If you’re reading this then you probably don’t keep up with cybersecurity news, if you do happen to, then you’ll already know that the past year has seen one large scale cybersecurity incident after another. Below I’ll delve into some of the latest cyber security attacks to make the headlines over the past year, and detail why such attacks appear to be on the rise.
Over the past 12 months there’s been an ever-increasing number of ransomware attacks (ransomware encrypts files and folders across a business and demands a ransom for decryption), with some of the most prominent attacks even hitting mainstream news. A couple of recent examples include…
- The Colonial Pipeline hack, which took down the largest US fuel pipeline when hackers gained access through a user’s VPN account, installed ransomware and demanded a hefty $4.4million ransom. The account did not use MFA (Multi-factor Authentication), and the user’s password was later found on a dark web database of leaked passwords, leaving the possibility that this user had reused the password on multiple accounts… Something which we always advise against! There was no evidence of phishing in this instance. (1)
- The JBS hack, JBS being one of the worlds largest meat processors were also hit with ransomware in 2021 with an even larger demand of £7.8million ($11million) which was paid to put an end to the incident. (2)
- More recently, as reported by BleepingComputer, Accenture in the UK was hit by what hasn’t been confirmed specifically as a ransomware attack, but an attack that was perpetrated by a known ransomware gang, Lockbit 2.0. Accenture in this case isolated the problem servers and restored from backups, but that isn’t stopping the gang from demanding $50million under threat of them releasing 6TB of Accenture data onto the dark web that may have been exfiltrated. (3)
And it’s not just ransomware on the rise, 2021 also saw its fair share of novel attacks and software vulnerabilities…
- Solarwinds saw hackers breach their systems and inject malicious code into regular updates for their Orion software. This code would then create a backdoor on client IT systems for further exploitation. Very different to the ransomware attacks, in this case the hackers took great care not to raise suspicion and had been in the system for months before one of their clients, a cyber security firm called FireEye traced a breach of their own back to the software. (4)
- Microsoft had to rush to fix several exchange vulnerabilities back in March 2021 which could have allowed attackers to gain full control of servers running exchange 2013-2019. (5) Recent news updates also report that hackers are actively looking for vulnerable servers with the use of Autodiscover.
A few months later, Microsoft then had to contend with the print nightmare vulnerability, in which PCs / servers running the print spooler (most of them do, and if you print, then yours certainly does) could be used to authenticate users at the system level. So an attacker getting into a regular user profile could give themselves above admin level access. Both this and the above exploit had to be fixed by patches, and in the case of the latter, additional registry edits. (6)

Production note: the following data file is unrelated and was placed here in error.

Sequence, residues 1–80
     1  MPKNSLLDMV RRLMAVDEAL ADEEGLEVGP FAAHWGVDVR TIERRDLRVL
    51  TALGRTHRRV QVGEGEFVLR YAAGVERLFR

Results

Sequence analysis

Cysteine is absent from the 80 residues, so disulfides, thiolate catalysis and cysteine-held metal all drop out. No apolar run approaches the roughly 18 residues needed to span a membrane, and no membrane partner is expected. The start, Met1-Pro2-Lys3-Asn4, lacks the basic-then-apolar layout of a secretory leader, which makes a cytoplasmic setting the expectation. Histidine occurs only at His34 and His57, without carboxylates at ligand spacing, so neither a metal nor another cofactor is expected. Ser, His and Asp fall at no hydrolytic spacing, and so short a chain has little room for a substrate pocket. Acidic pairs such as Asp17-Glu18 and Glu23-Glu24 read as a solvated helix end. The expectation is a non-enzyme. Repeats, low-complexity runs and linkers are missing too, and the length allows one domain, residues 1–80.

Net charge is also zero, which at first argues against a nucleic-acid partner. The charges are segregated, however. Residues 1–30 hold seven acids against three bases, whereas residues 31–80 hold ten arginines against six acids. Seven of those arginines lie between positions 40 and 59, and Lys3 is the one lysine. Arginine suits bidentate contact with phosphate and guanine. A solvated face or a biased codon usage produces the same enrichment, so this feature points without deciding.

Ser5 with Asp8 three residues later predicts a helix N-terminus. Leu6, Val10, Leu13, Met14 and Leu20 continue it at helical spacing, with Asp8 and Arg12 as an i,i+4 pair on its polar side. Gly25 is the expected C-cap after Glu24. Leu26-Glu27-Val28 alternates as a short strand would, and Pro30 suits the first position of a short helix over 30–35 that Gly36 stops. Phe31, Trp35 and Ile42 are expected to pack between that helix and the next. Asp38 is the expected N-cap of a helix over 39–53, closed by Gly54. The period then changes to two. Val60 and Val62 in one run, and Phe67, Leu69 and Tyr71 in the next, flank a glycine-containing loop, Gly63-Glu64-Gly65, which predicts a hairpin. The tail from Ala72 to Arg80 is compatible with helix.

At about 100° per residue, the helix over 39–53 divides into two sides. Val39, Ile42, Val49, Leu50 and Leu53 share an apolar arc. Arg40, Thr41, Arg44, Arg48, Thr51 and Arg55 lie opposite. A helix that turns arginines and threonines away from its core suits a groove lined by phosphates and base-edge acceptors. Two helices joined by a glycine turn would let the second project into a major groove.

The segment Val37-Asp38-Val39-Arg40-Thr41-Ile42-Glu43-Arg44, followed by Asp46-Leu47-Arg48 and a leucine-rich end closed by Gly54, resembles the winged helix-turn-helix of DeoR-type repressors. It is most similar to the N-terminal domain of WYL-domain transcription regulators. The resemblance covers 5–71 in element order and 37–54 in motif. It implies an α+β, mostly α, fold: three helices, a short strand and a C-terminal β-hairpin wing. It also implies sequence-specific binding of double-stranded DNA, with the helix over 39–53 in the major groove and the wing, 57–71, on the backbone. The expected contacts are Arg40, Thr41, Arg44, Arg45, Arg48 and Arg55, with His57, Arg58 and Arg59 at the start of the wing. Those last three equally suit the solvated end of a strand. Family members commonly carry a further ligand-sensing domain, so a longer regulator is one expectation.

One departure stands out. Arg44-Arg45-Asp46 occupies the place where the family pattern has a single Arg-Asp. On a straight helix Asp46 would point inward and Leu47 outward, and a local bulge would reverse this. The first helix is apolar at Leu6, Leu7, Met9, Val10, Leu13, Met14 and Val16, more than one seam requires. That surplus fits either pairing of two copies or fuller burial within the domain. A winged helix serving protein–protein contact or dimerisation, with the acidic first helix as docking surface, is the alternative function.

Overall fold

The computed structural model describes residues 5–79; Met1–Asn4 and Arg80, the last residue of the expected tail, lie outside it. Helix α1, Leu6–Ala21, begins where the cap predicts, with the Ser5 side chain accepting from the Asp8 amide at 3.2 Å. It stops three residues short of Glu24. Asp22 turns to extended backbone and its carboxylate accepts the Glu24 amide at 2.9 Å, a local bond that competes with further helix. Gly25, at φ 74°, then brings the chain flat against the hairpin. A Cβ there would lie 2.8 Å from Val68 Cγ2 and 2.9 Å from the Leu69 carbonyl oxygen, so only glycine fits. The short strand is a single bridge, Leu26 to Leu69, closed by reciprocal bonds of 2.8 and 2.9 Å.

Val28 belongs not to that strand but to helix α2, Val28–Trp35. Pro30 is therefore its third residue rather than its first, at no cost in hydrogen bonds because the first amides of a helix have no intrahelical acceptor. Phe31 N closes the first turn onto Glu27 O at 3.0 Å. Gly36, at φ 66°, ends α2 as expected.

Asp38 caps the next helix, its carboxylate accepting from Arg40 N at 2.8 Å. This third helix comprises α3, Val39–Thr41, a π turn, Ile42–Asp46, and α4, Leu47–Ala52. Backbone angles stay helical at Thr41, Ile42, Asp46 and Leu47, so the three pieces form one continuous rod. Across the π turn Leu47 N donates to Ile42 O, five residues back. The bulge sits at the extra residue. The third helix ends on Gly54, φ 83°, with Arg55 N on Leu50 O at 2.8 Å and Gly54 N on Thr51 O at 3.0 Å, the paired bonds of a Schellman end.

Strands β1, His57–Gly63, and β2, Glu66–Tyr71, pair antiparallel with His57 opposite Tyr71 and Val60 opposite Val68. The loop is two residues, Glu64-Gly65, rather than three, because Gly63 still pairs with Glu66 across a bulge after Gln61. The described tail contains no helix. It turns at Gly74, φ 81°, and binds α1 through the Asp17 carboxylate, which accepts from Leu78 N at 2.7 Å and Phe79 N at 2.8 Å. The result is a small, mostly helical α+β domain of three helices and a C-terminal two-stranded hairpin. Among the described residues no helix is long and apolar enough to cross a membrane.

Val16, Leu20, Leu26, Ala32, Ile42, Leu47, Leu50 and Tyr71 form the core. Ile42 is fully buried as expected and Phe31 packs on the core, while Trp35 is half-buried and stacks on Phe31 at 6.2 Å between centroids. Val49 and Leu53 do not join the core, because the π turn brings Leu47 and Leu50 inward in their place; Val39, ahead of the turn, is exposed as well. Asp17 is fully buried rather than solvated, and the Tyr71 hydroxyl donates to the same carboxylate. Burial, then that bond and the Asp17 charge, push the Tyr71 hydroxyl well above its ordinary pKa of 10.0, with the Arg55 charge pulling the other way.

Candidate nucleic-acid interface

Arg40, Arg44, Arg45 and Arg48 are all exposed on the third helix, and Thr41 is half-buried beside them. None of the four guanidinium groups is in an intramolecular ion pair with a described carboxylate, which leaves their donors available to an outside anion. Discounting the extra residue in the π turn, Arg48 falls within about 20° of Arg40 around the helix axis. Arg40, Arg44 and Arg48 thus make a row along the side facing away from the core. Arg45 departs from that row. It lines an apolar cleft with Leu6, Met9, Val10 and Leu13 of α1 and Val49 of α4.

The above are just some of the more prominent cyber-security issues of the last year, but many more happen on a smaller scale all of the time. The 2021 Cyber Security Breaches Survey found that 39% of UK businesses have had a security breach or attack in the last 12 months. (7)
Why are cyber attacks on the rise?
We can never say for certain why the number of cyber-attacks have increased over the past year or so, but a very likely candidate more recently has been the rise of the COVID pandemic and the need for a speedy and prolonged move to remote working. This in itself will have opened businesses up to many new attack surfaces, such as through Virtual Private Networks, Remote Desktop Protocol and the interactions between these and other remote connection methods and potentially users home PCs, which tend to be far less secure than business managed ones.
There has also been a steady increase in state-sponsored hackings (8), and regardless of whether hackers fall into this category, or criminal gangs, the practice can be very profitable (for the hackers), in terms of money or information, yet have devastating financial affects for the hacked companies. Many of the larger companies which are falling victim to cyber-attacks are paying out their ransoms, which only encourages more of the same malicious attacks.
The before mentioned Breaches Survey also have plenty to say about the nature of breach attempts, with a staggering 83% of businesses reporting phishing attempts in the last year (phishing being emails trying to get usernames and passwords from workers one way or another) (7). It can’t be stressed enough how important vigilance by employees is to preventing breaches. Tactics such as phishing and calls / emails impersonating others to get credentials are broadly referred to as “Social Engineering” attacks. They rely on circumventing some of the technological protections such as strong passwords, antivirus and security policies, by going straight for the one thing that is generally not directly monitored and controlled…users.
It should go without saying, but just looking at the above cyber security breach examples should give you more than enough reasons to make sure your business is cyber secure, both from a technical and staff training standpoint so that you as a business stand the best chance of not being the next cyber-attack victim.
If you would like a more in-depth chat about cyber security and its affect on businesses, do get in touch. We also have a ‘Social Engineering Red Flags’ infographic which will help guide you on cyber security threats to look out for…